The Achilles heel for local musicians has been payment of royalties for their music. We are used to perennial complains by musicians that they are not earning enough from their craft. Safaricom has been one of the major contributors of royalties for local musicians through their Skiza ringback service. By dialing *811#, a Safaricom subscriber is able to both search and download their favorite songs straight to their Safaricom lines. Callers are then able to listen to this music when making calls to these subscribers.
Safaricom which introduced the service in 2008, charges 75 cents for the Skiza tunes daily. Safaricom then pays royalties to the musicians based on how many times their music has been used for the ring back service.
For having their music used on the service, Safaricom for the longest time paid the musicians 7.5% in royalties. The telco announced last year it was increasing royalties to 15%, then 17% in 2016 and 20% in 2017. The review followed an agreement between Safaricom and various bodies such as Music Copyright Society of Kenya (MCSK.), Performers Rights Society of Kenya (PRISK) and Kenya Association of Music Producers (Kamp).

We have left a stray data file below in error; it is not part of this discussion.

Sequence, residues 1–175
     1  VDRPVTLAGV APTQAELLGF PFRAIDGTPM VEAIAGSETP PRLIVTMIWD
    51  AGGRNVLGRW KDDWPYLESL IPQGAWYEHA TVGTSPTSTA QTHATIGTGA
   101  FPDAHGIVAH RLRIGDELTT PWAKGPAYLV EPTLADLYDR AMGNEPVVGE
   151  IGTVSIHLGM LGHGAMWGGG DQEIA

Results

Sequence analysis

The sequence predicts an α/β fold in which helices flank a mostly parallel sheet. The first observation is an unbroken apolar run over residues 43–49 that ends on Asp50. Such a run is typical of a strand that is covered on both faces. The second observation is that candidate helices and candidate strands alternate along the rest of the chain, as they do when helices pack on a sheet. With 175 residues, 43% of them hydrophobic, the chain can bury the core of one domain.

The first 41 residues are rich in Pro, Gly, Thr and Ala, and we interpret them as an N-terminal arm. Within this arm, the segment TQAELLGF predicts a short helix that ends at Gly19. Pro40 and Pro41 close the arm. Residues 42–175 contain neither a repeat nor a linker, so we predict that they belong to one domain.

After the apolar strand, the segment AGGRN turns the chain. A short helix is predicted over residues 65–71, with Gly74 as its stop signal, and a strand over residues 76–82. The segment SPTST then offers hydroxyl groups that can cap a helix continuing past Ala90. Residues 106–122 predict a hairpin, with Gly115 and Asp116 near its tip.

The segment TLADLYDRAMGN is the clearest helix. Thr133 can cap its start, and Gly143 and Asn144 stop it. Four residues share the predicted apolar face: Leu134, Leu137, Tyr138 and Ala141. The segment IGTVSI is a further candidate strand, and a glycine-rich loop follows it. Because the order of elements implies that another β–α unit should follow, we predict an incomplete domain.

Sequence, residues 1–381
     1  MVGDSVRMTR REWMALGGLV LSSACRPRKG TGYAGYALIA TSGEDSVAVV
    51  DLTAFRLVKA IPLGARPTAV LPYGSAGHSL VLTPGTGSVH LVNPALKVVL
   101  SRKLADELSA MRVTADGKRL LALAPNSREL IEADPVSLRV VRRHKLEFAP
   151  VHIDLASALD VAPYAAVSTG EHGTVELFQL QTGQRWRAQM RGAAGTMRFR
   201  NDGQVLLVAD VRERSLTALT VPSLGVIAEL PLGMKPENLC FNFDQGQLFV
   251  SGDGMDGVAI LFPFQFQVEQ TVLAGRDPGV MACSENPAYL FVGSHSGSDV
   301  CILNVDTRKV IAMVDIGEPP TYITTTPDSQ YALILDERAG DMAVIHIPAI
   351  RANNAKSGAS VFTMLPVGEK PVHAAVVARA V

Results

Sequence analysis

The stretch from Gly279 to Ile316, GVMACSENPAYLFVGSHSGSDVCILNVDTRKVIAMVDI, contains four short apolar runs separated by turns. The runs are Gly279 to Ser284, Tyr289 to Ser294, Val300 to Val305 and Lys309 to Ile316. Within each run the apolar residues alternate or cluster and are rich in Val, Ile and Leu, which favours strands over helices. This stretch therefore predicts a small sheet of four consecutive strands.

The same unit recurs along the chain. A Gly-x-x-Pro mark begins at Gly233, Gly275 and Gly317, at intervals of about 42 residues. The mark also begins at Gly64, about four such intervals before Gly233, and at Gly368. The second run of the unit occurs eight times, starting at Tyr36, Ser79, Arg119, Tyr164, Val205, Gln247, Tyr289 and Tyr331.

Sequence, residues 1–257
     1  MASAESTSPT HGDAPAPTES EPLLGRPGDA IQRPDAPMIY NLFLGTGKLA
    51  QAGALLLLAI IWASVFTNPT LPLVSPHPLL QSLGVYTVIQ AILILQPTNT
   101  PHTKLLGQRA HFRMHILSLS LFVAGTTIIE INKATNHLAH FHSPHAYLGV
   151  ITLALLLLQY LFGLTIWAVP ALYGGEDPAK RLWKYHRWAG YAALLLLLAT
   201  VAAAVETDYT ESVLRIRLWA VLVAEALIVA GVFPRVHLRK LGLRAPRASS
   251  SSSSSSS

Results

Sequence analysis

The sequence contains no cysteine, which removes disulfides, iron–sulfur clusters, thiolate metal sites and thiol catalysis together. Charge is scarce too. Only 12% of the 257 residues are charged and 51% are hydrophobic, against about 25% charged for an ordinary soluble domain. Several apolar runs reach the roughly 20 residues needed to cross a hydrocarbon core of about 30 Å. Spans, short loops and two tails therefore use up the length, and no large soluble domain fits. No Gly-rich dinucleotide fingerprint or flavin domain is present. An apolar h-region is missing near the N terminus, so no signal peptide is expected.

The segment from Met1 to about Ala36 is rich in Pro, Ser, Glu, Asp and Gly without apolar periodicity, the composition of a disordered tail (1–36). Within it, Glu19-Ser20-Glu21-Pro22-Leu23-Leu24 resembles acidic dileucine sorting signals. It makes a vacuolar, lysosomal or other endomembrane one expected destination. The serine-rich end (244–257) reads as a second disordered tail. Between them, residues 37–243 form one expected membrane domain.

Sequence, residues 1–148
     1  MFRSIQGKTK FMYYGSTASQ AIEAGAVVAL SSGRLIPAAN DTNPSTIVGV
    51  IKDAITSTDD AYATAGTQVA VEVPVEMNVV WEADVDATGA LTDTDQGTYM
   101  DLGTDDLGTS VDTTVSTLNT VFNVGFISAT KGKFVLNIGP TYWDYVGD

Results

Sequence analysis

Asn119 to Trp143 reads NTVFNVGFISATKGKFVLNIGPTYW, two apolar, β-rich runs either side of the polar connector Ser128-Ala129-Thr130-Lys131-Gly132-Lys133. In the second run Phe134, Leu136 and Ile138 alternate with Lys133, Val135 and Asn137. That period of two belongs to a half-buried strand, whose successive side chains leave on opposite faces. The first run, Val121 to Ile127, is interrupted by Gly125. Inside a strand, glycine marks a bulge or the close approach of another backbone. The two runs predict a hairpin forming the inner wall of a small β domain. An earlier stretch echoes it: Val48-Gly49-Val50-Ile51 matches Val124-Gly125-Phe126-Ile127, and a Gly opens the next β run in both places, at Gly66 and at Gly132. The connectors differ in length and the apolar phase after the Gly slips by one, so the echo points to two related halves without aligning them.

With the new deal, Safaricom would pay the royalties monthly unlike previously when they paid every three months. The royalties were also to be paid directly to the three bodies unlike previously where Safaricom signed content provision agreements with companies licensed by MCSK.
Safaricom has now released Kshs 152 Million to the three organizations and Premium Rate Service Providers (PRSPs) for music played via the service which had accumulated from July 2015. The three will receive Kshs 141.675 million while the PRSPs received Kshs 10.3 million for distribution to to singers, songwriters, sound engineers, performers and music producers.
The platform has 5,000 registered artistes who have registered 11,000 songs on the platform.